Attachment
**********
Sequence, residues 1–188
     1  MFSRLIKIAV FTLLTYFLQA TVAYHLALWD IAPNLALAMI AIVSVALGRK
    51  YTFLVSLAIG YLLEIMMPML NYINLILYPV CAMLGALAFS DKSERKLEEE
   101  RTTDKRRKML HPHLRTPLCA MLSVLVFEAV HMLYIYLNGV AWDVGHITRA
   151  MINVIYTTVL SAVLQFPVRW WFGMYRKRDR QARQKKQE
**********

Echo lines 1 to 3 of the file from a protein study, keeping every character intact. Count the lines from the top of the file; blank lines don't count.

Sequence, residues 1–188
     1  MFSRLIKIAV FTLLTYFLQA TVAYHLALWD IAPNLALAMI AIVSVALGRK
    51  YTFLVSLAIG YLLEIMMPML NYINLILYPV CAMLGALAFS DKSERKLEEE